“Our Father in heaven,
hallowed be your name.
10 Your kingdom come,
your will be done,
    on earth as it is in heaven.
11 Give us this day our daily bread,
12 and forgive us our debts,
    as we also have forgiven our debtors.
13 And lead us not into temptation,
    but deliver us from evil.

Matthew 6:9-13

The idea of claiming prosperity for ourselves in the name of Jesus is foreign to how Jesus taught us to pray. He simply taught for us to pray for today’s provision. You could say this is a paraphrase of Proverbs 30:7-9.

Two things I ask of you;
    deny them not to me before I die:
Remove far from me falsehood and lying;
    give me neither poverty nor riches;
    feed me with the food that is needful for me,
lest I be full and deny you
    and say, “Who is the Lord?”
or lest I be poor and steal
    and profane the name of my God.

Proverbs 30:7-9

Proverbs joins falsehood and lying with either poverty or riches. I wonder if God put this together so long ago for application in today’s environment of falsehood regarding the prosperity gospel? The wisdom of Proverbs recognizes that if I gain riches, I may be tempted to think I don’t need God. I can be self-sufficient. Or, if I am in poverty, I may be tempted to steal from another that which is not mine. Either condition may tempt me to sin.

It can be argued, as Martin Luther did, that this prayer for daily bread is a prayer for a just society in which people can work, execute contracts that will be honored, not suppressed by the wealthy class, and the whole nation can prosper so that all will have their daily bread. Notice that the prayer is a communal prayer, it is “give us” our daily bread, not “give me” my daily bread.

Is God against his people prospering? No, I don’t believe so. In fact, I think he intends that we both as individuals and as societies prosper. But, that prosperity flows from a culture that honors Godly relationships in life and in business. It is not generally a matter of supernatural provision through miraculous events. Of course, God does on occasion, do just that. So, I am not arguing against God’s miraculous provision. I am arguing against the ethos of the prosperity teaching that is self-centered and oriented toward getting me rich.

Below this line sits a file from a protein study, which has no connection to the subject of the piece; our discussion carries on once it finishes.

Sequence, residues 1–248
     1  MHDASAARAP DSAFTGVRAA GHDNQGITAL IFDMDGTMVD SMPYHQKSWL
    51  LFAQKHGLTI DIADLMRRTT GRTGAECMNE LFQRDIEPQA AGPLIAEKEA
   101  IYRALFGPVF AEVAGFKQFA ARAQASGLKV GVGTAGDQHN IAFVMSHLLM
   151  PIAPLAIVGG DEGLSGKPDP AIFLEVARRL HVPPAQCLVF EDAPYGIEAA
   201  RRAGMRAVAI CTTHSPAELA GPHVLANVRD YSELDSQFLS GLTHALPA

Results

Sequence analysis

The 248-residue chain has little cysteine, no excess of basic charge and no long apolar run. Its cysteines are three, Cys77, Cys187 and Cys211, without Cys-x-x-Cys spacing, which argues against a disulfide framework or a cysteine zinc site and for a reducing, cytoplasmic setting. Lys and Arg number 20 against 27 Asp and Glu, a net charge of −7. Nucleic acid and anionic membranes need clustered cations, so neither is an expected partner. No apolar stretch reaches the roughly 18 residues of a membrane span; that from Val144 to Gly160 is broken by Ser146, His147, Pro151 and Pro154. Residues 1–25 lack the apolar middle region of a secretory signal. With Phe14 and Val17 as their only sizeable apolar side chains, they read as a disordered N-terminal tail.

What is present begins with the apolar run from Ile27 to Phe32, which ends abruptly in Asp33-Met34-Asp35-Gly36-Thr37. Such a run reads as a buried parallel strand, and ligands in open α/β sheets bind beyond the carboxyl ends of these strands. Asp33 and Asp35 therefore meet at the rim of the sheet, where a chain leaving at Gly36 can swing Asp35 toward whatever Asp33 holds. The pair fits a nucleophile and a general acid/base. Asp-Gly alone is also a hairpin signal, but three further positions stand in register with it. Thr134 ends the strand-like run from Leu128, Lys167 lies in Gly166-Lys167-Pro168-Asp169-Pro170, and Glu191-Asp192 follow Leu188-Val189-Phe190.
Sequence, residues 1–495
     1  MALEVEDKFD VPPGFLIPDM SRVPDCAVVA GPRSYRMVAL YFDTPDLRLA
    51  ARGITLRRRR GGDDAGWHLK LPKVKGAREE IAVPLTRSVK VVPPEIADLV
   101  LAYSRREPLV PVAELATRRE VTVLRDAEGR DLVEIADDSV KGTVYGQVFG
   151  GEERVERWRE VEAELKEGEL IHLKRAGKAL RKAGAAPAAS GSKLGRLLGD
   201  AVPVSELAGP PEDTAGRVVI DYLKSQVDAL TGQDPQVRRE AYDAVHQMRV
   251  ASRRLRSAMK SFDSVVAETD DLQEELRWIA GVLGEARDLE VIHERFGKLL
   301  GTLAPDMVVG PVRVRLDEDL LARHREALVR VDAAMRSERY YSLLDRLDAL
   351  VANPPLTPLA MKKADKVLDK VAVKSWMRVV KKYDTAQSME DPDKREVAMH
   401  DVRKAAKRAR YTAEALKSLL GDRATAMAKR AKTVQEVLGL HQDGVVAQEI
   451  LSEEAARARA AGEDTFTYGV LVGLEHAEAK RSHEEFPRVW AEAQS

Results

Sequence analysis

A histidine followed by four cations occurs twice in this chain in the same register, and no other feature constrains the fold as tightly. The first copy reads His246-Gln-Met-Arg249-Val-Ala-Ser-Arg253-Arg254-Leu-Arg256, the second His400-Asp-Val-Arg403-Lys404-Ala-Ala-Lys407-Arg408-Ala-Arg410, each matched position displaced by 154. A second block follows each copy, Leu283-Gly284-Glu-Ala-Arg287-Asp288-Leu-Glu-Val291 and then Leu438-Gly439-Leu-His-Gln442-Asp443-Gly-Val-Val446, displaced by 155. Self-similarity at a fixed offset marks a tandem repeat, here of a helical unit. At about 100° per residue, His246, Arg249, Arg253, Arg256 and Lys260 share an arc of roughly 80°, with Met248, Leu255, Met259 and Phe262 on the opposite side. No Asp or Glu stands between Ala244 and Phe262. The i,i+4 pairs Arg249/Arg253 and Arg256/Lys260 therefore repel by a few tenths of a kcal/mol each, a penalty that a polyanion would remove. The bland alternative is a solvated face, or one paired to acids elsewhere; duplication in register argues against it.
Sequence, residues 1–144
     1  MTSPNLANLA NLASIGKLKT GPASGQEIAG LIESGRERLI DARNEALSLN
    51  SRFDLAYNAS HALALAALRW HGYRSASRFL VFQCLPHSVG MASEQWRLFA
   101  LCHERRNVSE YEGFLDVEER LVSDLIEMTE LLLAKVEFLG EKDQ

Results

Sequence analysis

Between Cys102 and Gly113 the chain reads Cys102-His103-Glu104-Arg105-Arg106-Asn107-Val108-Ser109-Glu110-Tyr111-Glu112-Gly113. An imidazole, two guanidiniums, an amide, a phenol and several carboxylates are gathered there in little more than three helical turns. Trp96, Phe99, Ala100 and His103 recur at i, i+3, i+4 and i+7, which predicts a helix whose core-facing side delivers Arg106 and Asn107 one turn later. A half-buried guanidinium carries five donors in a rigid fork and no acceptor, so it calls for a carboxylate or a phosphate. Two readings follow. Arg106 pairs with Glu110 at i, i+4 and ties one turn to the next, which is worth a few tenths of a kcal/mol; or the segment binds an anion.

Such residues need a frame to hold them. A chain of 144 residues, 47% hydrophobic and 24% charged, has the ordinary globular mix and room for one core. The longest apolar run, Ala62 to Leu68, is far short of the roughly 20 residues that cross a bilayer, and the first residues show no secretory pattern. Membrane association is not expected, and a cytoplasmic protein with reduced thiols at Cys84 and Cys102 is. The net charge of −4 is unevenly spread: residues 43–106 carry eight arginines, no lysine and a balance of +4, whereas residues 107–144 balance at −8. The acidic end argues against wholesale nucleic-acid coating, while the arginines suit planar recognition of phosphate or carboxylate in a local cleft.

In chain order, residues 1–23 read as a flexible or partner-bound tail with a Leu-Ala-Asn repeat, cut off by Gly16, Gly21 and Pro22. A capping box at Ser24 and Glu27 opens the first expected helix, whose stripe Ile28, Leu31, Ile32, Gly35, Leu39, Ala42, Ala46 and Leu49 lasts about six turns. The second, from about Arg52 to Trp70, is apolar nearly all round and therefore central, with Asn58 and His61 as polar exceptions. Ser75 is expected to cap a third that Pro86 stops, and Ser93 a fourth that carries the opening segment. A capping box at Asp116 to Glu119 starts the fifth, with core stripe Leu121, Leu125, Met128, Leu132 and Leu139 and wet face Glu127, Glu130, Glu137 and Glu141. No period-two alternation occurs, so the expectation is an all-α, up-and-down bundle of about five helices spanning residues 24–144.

Why daily bread, anyway?

Looking at this prototypical prayer, we see the first petitions being Godward. May we honor your name, may your kingdom come, may your will be done on earth as in heaven. Daily bread provides the health and strength to do these things. Daily bread is not to raise me above my brothers but to allow me to live unto God and bless his name.

Lord, don’t let me have too much. I’m afraid that if I have too much, I will forget you and sin against you. And Lord, keep me from poverty, so I don’t, in desperation, steal from another their daily bread. Help me to find contentment in whatever state I am, prosperity or abasement. I will honor you for I can do all things through Christ who strengthens me. (Philippians 4:13)